Iran's new parliament, which is to be inaugurated May 28, is seeing an spirited battle between a number of lawmakers seeking to occupy the speaker's post.
For 12 consecutive years, Ali Larijani maintained a tight grip on the position, earning the title of Iran’s longest-serving speaker. However, the influential politician decided not to run for the new parliament, triggering speculation that he will run in the 2021 presidential election.
With Larijani departing, the fight is on for the powerful position. The Feb. 21 election resulted in an easy landslide victory for the conservative camp after their traditional Reformist foes were overwhelmingly purged by the Guardian Council, the ultraconservative body in charge of A-to-Z electoral supervision, including who is qualified to run.
The one-sided competition also witnessed a record-low turnout, with unprecedented voter apathy in the capital, Tehran, where only 26% of those eligible showed up at the ballot box, bringing into question the winners' overall legitimacy. Of the 289 members of the 11th parliament, fewer than two dozen are of Reformist or moderate leanings.
The big takeover seems to have done little to bring the divided conservatives any closer together. Long-standing internal rifts and the consequent failure to fall into step behind a single candidate helped bring them two consecutive defeats in the 2013 and 2017 presidential elections. And the debate on who should preside over the new parliament has now stirred up the old feuds.
In theory, Mohammad Bagher Ghalibaf, who won the largest number of votes in the Tehran constituency, has the best chance for the speakership. Despite facing multiple fraud accusations dating back to his 12-year tenure as mayor of Tehran and three failed attempts for presidency, Ghalibaf continues to exert significant influence in Iran’s political landscape. Nevertheless, a free pass to the speakership does not appear to be in the cards. “He should stay glued to his own seat and refrain from entering the battle for speakership,” said Mansour Haghighatpour, a former hard-line lawmaker, who warned that Ghalibaf “will be run over” by members of Paydari — the Front of the Islamic Revolution Stability, which represents the most uncompromising layer of the conservative camp.
Paydari has its own man, its Secretary-General Morteza Agha-Tehrani, in mind. The hard-line cleric and former chief of the Islamic Institute of New York is hoping for genuine support from a crowd of like-minded fellow parliamentarians. Despite calls for unity from across the wider spectrum, Agha-Tehrani and his allies within Paydari refused to include Ghalibaf in their proposed list for the Tehran constituency, an early signal that the cleric is no less ambitious than the former Tehran mayor.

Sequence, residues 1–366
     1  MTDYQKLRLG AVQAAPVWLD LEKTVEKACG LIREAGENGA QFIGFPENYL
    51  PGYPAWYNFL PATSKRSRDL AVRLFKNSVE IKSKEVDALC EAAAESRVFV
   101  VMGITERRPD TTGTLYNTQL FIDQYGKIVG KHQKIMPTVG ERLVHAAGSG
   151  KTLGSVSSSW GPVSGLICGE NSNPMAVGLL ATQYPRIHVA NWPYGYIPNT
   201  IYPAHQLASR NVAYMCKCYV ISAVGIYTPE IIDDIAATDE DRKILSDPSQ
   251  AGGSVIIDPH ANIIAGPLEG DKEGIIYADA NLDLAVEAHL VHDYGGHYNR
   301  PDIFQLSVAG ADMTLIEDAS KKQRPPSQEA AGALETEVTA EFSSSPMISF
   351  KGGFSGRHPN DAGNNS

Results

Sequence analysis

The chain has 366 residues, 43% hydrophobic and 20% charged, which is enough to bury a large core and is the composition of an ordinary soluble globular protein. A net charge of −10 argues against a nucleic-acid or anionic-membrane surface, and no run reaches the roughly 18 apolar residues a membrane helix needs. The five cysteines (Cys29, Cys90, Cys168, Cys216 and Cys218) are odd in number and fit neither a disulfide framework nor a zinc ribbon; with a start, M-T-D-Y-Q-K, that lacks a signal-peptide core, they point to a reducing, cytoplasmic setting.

Speculation indicates that nearly a dozen more elected members of parliament are also seeking the post. Veteran politician Mostafa Mir-Salim of the Islamic Coalition Party, who was one of the defeated candidates in the 2017 presidential election, is now back with more confidence after winning the second-highest number of votes in the capital.
Meanwhile, a large group of the newly elected lawmakers is in the camp of former hard-line President Mahmoud Ahmadinejad (2005-2013), who parted ways years ago from the traditional conservatives. The so-called Ahmadinejad team of nearly 50 members in the new parliament is mostly composed of his former Cabinet members and ex-governors. Yet even inside that clan, unity is lacking as four individuals are eyeing the speakership. Among them is the former head of the Atomic Energy Organization of Iran Fereydoun Abbasi, who escaped a 2010 assassination attempt that Tehran believes was one in a chain of Mossad-plotted attacks targeting Iranian nuclear scientists.
“In my view, it makes no difference who the next speaker is, because when it comes to crucial matters, it’s not the parliament that decides,” said Ali Motahari, an outspoken outgoing lawmaker and one of the many pro-Reform parliamentarians disqualified by the Guardian Council. Questions over the extent of the Iranian parliament’s authority were put on display again in November after the state pressed ahead with a contentious scheme on fuel price hikes that unleashed public discontent and threw the country into several days of deadly mayhem. Back then, some Iranian lawmakers, including Motahari, made vocal complaints that the parliament had been kept in the dark regarding a plan with such important national security implications.
A parliament dominated by hard-liners is not good news for moderate President Hassan Rouhani, who will have to spend the closing year of his term struggling with them over every single step he takes. For the past seven years, Rouhani has enjoyed strong backing from Larijani, a man who increasingly broke free from the conservative camp he had hailed from.
The parliament speaker’s unwavering support of the president during the entire course of the nuclear deal and even after the US withdrawal from the pact pitted Larijani's former political allies against him. Most famously, they accuse Larijani of influencing other lawmakers’ votes in what they believe was a forced ratification of the nuclear deal in a “20-minute” parliamentary session.”
In the upcoming parliament, the top priority should be about turning Larijani’s assembly into a real parliament, tweeted speaker hopeful Elias Naderan, suggesting that the president is in for a tough showdown with a new parliament packed with die-hard critics.